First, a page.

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Conceptual Framework to Include Updated Definitions of Assets, Liabilities

The IASB agreed to develop new definitions of assets and liabilities for its upcoming revision to its Conceptual Framework. The board considers the document to be the backbone of its standard-setting process.

The IASB on July 18, 2016, determined some important elements of its upcoming revision to the Conceptual Framework for IFRS.

The international board considers the document to be the backbone of its standard-setting process.

After hours of discussion, the board agreed to revise the definitions of assets and liabilities, some terms to support those definitions, and debated the wording that will help the board decide how to measure different types of assets and liabilities.

The decisions, which need to be finalized, largely confirmed proposals outlined in the May 2015 Exposure Draft (ED) No. 2015-3, Conceptual Framework for Financial Reporting .

The IASB decided that an asset has the “potential to produce” economic benefits, and a liability is an obligation that has the “potential to require” the entity to transfer an economic resource. The board agreed to confirm that an economic resource is a right that has the potential to produce economic benefits.

The new definitions remove from the current Conceptual Framework the definitions of assets and liabilities that say they produce “expected” inflows or outflows of economic benefits.

In addition, the IASB agreed that assets and liabilities should be recognized if they provide readers of financial statements with relevant information and a faithful representation of the transaction. The board agreed to scrap a provision in ED No. 2015-3 that said an item should be recognized if the benefits of providing the information exceeded the costs. IASB members agreed to remove the description from the 2015 exposure draft because businesses could come up with plenty of reasons for not measuring a particular item.

“Going back to a former life, I think preparers [could say], ‘I don’t see any use to our shareholders for this information. No one’s asked a question on it. Why do I spend a penny?'” said Kabureck, a former chief accounting officer at Xerox Inc. “They should rely on relevance. They should not rely on cost concern.”

The IASB had a more difficult time coming up with wording for the measurement of different types of assets and liabilities.

The board wants to be consistent in determining when certain items should be measured at fair value versus historical cost, but this is a tough — and often controversial — task.

“It must be possible to do something here,” IASB Chairman Hans Hoogervorst said. “Or do we not say anything and just admit we are totally inconsistent, we never have any principles, we just do what we want?”

IASB member Mary Tokar suggested that the board try to outline characteristics or principles as opposed to hard-and-fast rules.

“What maybe we’re trying to do here is identify features that we think are relevant to consider so that… when we make a decision on the standards level, we explain in the standard how we considered each of those factors in reaching our measurement conclusion,” she said.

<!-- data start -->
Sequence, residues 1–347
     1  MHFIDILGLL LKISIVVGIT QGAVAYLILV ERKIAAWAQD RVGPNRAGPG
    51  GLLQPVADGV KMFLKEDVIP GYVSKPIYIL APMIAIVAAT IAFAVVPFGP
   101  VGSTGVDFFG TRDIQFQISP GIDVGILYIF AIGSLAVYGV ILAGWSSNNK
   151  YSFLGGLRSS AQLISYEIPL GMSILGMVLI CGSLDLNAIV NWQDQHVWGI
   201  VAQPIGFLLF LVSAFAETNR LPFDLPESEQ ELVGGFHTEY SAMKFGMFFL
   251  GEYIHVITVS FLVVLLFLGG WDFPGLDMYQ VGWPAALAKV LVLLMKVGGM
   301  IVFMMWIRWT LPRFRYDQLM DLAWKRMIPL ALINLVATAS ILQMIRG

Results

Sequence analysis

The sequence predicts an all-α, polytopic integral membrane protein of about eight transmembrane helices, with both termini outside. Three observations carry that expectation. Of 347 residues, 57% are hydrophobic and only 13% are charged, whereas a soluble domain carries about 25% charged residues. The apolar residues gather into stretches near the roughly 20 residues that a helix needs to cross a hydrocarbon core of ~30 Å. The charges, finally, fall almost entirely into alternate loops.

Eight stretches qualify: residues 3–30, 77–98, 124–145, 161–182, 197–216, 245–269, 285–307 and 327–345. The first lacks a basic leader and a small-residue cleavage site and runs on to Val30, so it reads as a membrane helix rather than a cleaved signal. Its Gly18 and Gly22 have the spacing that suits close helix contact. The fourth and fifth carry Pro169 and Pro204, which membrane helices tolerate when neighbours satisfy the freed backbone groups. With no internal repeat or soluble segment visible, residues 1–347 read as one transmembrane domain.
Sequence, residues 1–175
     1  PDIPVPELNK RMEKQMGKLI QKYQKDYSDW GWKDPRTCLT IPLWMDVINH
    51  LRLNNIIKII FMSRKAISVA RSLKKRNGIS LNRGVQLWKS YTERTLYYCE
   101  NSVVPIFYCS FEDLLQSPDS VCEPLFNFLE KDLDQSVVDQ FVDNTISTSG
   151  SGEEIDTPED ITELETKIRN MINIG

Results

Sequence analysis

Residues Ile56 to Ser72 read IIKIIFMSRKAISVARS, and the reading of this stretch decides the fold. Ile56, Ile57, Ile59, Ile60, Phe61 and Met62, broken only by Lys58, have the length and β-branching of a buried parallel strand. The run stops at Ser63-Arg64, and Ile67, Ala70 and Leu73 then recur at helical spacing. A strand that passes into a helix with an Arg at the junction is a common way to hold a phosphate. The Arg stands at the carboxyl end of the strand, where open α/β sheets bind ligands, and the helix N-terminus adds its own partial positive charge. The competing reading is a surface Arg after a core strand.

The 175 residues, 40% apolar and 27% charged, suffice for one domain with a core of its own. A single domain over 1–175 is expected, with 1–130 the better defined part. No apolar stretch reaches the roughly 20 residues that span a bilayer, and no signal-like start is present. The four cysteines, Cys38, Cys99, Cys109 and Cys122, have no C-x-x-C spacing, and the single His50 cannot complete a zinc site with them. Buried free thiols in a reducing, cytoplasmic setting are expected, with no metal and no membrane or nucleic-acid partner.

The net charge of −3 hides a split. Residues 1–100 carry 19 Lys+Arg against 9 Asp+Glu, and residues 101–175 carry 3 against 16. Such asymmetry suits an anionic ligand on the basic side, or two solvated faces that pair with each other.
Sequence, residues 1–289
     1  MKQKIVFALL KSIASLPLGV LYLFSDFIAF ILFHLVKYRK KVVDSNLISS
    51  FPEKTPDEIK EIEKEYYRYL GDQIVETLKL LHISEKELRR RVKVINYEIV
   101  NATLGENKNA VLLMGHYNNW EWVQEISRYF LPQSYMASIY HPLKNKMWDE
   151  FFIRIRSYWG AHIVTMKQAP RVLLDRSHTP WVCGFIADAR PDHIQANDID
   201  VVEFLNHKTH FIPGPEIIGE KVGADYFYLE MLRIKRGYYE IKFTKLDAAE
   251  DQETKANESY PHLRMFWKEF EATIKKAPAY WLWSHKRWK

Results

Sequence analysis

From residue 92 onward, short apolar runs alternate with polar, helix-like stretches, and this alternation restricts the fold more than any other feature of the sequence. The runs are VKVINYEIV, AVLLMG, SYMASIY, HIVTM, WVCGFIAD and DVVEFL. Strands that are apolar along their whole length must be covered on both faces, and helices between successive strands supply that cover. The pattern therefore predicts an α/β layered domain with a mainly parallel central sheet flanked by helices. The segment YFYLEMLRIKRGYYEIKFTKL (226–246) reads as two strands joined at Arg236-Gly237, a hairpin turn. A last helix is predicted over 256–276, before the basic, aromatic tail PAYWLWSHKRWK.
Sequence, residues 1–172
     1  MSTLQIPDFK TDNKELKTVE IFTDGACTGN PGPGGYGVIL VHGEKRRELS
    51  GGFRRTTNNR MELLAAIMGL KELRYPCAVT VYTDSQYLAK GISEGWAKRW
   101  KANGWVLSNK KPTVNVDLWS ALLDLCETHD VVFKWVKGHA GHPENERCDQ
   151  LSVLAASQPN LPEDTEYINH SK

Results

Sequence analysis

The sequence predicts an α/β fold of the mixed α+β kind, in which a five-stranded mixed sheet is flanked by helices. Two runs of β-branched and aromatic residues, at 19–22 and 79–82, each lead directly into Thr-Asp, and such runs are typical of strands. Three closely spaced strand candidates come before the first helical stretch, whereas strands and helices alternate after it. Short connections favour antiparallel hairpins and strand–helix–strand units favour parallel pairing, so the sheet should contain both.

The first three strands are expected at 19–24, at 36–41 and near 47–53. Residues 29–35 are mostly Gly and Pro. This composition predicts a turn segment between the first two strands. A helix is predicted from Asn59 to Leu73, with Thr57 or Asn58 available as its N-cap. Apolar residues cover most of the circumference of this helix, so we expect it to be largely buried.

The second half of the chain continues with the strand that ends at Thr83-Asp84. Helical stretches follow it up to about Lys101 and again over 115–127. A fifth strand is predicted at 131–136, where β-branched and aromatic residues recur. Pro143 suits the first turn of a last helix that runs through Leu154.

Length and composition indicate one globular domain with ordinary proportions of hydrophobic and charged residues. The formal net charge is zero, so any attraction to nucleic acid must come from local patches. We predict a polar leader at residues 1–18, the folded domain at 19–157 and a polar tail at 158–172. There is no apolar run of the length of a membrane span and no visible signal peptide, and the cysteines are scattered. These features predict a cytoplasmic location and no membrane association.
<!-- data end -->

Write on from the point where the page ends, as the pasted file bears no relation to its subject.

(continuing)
Rachel Knubley, a technical principal with the IASB’s research staff, said the measurement chapter in the Conceptual Framework would always require judgment.

“This measurement chapter is never going to give us a decision tree that says, ‘Ooh, we’ve got this type of asset, this is going to give us this type of measurement,'” she said. “It’s not going to work like that. It is going to be a judgment call on these things.”

She said the research staff would try to capture the importance of judgment in a future draft and come back to the board.

“I think we’re saying, don’t expect miracles next time, but we’ll certainly give it a go,” she said.

The draft conceptual framework attempts to refine the definitions of what the IASB calls the “building blocks” of financial statements: assets, liabilities, equity, income, and expenses. It also aims to describe the differences between historical cost and current value. The idea is for the framework to help the IASB set consistent accounting standards.

The framework is regarded by many financial professionals as one of the IASB’s most important efforts as it develops new priorities for its standard-setting and moves away from its international accounting convergence efforts with the FASB. Many financial executives and auditors have told the IASB that it needs to complete the framework to ensure that its standards fit a common, unifying set of underlying principles.

The IASB says it will finalize the framework in 2017.

The Conceptual Framework originally was a joint project with the FASB, but the boards suspended work on it in 2010 to focus on more pressing needs in the wake of the 2008 financial crisis.

The IASB revived the project in 2012, independent of the FASB, which is working on its Framework.

In September the IASB plans to discuss other aspects it wants to include in the Framework, including the definition of equity, the process from removing an asset or liability from the balance sheet, the guidelines for presenting and disclosing information, capital maintenance, materiality, business activities and long-term management, and the reporting entity, according to the international board’s research staff.

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